By Christian Kelleher
In 1953 Houston florist David Moncrief hosted a cocktail party for a group of gay friends in his midtown apartment to watch the first ever televised Academy Awards. When television reception of the broadcast failed, the bemused and disappointed guests turned on the radio to listen to the presentation. Undaunted, Moncrief the following year organized a second cocktail party, but this time as the broadcast was about to begin he gathered the group together to present his own award for best local performance —which historian and journalist Brandon Wolf describes as “most likely an amorous adventure” — to guest Virginia “Hub” Lankford. In a corner of the apartment stood a nearly life-size plaster statue of Diana, the Roman goddess of the hunt, which had come from the Sakowitz Department Store, where Moncrief’s roommate Curtis Wright headed the window design department. This was the birth of the Diana Awards and the beginning of what became The Diana Foundation.
In the 1950s and 1960s lesbian, gay, bisexual, and transgender Houstonians, like LGBT people everywhere, were forced into a largely hidden existence. The history of these early gatherings is predominantly preserved only in interviews by attendees. Thom Guthrie, who joined The Diana Foundation in later years, remembers, “This is all pre-Stonewall, and you didn’t want people to think you were gay because you could get arrested, you could get thrown in jail, you could be beaten. … You couldn’t be gay, that’s all there was to it.” Police would arrest people from the LGBT community who congregated in bars or write down license plate numbers from the parking lot and alert employers so they would lose their jobs. Private parties, often with gay men and lesbian women arriving as “couples” to deceive prying neighbors’ eyes, were one of the few places the community could gather unreservedly. The Diana Awards Show during this period was typically held in private residences, which made it hard to find space for the theater-style seating to mimic the Academy Awards that inspired the gathering.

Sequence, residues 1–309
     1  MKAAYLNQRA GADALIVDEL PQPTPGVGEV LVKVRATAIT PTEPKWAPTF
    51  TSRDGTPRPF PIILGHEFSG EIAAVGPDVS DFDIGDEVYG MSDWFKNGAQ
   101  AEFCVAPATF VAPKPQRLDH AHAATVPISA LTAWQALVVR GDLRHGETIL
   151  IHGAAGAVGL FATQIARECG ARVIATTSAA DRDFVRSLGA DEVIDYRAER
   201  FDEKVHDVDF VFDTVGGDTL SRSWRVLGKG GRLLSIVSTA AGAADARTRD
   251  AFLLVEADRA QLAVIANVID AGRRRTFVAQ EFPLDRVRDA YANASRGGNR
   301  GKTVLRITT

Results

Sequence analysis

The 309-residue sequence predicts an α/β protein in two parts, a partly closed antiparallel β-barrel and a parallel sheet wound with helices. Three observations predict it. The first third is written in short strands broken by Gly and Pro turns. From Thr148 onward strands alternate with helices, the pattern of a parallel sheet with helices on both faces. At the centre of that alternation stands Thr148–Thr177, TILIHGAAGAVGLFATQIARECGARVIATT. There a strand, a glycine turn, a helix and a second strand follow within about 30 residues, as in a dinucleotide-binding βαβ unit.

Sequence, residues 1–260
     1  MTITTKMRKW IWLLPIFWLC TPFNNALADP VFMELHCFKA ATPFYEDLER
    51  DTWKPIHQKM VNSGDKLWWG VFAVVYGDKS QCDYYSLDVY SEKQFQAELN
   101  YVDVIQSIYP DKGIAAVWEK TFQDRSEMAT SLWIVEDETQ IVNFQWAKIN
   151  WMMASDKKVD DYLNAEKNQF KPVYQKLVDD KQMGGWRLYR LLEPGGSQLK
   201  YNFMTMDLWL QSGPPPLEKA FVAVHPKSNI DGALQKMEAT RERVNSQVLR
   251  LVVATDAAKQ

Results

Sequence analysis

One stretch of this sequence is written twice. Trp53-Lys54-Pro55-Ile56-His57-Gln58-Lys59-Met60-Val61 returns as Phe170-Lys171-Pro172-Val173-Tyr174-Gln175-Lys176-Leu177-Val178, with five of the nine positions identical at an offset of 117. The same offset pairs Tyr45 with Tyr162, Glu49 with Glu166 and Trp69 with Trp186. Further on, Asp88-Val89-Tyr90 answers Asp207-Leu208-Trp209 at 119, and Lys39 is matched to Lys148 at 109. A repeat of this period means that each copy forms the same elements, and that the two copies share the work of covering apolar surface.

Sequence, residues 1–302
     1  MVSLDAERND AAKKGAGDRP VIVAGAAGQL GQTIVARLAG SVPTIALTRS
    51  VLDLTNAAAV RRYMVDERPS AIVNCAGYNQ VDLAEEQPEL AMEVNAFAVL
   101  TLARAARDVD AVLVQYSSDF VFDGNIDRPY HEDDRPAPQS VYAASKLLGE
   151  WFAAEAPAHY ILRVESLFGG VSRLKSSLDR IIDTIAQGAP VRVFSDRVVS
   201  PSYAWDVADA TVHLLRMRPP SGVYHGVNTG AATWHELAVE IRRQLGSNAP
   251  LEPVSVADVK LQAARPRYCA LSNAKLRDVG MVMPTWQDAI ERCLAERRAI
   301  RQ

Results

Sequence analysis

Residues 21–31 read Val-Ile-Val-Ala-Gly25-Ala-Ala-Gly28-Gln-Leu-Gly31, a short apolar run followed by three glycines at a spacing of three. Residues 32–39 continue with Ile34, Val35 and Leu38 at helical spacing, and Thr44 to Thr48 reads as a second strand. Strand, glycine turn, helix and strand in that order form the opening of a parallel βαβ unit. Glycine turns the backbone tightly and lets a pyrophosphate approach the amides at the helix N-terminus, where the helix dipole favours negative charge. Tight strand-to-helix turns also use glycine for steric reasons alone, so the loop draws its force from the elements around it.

Founded in 1953, the Diana Foundation is nationally recognized as the oldest continuously running gay organization in the country.
Read about the collaborative study done by GLAAD and Proctor & Gamble showing that LGBTQ representation in media leads to greater acceptance by the general public.